• $9.48 per hour (if the business has 21+ employees)

    • $9 per hour (if the business has 4-20 employees)

As of 1 July, 2023, the minimum wage in Cook County (excluding Chicago) is:

  • Non-tipped workers — $13.70 per hour

  • Tipped workers — $8 per hour

If you have a storefront or other business in Chicago or Cook County, these local minimums apply rather than the state $13 rate.

Upcoming minimum wage changes 

Illinois’ statewide minimum wage is set to continue rising yearly through 2025. 

On January 1, 2024, it will rise to $14 per hour for non-tipped workers and $8.40 per hour for tipped employees. 

Then, on January 1, 2025, it’s scheduled to increase to $15 hourly for non-tipped employees and $9 for tipped. 

Chicago and Cook County also have planned increases coming up in July. The exact amounts haven’t been confirmed yet, but the rise will be based on inflation using the Consumer Price Index (CPI) — unless the CPI is above 2.5%, in which case they will apply a 2.5% minimum wage increase cap.

It’s also important to be aware that Chicago recently brought in new legislation to phase out tip credits by 2028, meaning that businesses will have to start paying tipped workers the same minimum wage as non-tipped workers in the future.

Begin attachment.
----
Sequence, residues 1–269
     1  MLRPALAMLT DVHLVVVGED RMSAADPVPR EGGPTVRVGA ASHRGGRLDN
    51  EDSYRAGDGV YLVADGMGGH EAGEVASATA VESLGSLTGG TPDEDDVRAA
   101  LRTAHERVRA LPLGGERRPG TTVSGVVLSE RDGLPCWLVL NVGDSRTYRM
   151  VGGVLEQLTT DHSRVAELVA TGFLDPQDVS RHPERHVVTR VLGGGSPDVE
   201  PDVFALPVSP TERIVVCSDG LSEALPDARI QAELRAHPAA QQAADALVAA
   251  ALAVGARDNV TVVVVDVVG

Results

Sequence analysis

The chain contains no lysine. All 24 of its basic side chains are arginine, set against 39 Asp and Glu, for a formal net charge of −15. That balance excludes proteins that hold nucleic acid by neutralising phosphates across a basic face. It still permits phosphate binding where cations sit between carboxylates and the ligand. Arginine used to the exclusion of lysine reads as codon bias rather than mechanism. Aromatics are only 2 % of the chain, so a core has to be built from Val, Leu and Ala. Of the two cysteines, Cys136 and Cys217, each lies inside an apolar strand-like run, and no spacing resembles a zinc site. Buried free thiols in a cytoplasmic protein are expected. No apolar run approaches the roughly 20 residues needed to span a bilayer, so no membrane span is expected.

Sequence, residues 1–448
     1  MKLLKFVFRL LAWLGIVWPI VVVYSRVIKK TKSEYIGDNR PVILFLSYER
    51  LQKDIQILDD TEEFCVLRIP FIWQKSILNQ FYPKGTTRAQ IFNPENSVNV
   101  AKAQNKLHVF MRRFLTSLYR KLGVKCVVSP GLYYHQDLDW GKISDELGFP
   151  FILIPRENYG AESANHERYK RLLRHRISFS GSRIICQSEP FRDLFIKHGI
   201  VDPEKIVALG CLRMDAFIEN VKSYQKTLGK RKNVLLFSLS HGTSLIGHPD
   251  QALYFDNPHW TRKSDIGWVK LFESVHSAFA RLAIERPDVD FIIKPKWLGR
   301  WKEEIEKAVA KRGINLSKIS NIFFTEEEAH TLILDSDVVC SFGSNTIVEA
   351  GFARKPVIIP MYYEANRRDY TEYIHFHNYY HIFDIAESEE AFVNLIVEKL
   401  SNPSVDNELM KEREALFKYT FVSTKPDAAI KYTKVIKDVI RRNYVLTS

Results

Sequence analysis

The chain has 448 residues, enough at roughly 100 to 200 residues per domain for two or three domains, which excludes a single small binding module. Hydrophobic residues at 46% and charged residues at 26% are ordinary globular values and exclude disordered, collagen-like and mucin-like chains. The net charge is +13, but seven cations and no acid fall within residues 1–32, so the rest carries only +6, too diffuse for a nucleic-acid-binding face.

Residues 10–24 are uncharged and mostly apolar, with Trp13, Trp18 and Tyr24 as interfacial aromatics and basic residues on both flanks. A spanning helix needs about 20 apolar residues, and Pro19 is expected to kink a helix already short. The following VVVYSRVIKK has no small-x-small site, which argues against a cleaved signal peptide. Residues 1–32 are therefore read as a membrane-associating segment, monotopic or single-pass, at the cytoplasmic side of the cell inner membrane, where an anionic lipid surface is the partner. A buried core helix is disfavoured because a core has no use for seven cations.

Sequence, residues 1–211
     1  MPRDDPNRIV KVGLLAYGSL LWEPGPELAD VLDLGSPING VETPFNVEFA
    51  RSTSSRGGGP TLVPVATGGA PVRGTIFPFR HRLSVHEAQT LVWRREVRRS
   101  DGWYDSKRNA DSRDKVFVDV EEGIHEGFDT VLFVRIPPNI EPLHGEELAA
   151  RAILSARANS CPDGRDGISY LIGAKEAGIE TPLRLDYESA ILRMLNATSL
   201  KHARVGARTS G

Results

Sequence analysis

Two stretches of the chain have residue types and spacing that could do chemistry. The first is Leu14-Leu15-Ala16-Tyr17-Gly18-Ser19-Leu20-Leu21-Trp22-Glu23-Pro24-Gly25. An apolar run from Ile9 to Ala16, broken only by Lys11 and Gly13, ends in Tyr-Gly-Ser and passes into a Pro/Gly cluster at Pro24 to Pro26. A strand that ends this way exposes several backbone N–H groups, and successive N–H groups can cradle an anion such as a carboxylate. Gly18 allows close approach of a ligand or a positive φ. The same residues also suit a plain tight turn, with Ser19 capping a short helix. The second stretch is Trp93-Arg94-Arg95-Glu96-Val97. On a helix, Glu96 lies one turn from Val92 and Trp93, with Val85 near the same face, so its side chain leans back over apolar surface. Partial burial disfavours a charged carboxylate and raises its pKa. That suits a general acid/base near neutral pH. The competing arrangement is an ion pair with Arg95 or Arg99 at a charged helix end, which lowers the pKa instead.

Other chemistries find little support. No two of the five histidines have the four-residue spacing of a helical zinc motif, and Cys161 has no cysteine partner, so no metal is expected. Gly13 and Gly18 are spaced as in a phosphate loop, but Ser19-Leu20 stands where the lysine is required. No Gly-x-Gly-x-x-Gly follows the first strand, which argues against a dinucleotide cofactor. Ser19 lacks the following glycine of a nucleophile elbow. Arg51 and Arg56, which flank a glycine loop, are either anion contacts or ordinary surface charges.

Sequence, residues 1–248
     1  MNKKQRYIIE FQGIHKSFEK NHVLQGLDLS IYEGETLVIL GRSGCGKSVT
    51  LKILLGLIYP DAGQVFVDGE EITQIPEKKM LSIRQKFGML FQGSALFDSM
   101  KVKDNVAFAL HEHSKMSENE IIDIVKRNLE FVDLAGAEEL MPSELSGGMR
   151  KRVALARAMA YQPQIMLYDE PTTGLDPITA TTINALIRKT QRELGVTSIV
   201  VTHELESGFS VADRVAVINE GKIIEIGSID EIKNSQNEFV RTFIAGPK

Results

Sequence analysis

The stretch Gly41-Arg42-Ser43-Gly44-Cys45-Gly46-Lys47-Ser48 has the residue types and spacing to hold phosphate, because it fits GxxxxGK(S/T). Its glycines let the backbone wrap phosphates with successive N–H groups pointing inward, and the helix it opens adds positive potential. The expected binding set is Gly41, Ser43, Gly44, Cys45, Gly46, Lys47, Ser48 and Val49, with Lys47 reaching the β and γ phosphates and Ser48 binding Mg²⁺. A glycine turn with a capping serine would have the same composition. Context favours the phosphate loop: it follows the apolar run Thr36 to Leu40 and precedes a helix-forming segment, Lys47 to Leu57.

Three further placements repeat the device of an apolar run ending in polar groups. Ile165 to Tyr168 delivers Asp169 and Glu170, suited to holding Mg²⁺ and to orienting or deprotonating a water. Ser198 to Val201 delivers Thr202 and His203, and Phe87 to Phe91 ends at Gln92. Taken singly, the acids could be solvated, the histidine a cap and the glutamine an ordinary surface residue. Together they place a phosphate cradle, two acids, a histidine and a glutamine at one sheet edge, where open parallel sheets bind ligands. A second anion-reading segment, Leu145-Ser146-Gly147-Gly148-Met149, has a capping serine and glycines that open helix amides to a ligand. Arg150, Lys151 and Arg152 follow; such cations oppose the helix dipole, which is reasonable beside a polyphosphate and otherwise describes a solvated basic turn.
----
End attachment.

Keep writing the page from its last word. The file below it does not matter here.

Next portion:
On July 1, 2024, the permitted tip credit in Chicago will shrink from 40% to 32%: employers will have to pay tipped staff at least 68% of the minimum wage. The tip credit will continue shrinking each year until 2028, when it will be eliminated altogether. 

Preparing for minimum wage increases

Since minimum wage is rising steadily in Illinois, preparation is key for small business owners on a tight budget. 

Here are five tips for taking a strategic approach to the minimum wage changes. 

1. Review your employee pay rates before the increase

First, make sure you’re not currently paying any staff below the current 2023 minimum wage; if you are, you’ll need to increase pay immediately and possibly organize back payments. 

Employees currently paid the $13 per hour minimum will likely need to be paid an hourly rate of $14 from January 1, 2024 — more if you’re based in Chicago or Cook Country. It’s a good idea to check all employee pay rates in advance so you know exactly where increases are needed.

A screenshot of a Homebase analytics interface tracking labor cost by role.A screenshot of a Homebase analytics interface tracking labor cost by role.

2. Create a budget forecast

Map out your labor costs for 2024, and possibly even 2025. 

In your forecast, apply Illinois’ scheduled increases to estimate your overall employee costs and see how much to expect your payroll spending to rise each January.

You’ll be able to see if this will create a budget shortfall and plan accordingly.

3. Consider changes to costs or prices

See whether you can trim costs elsewhere or raise prices to absorb rising labor expenses. 

Operational adjustments for a local pizzeria could include: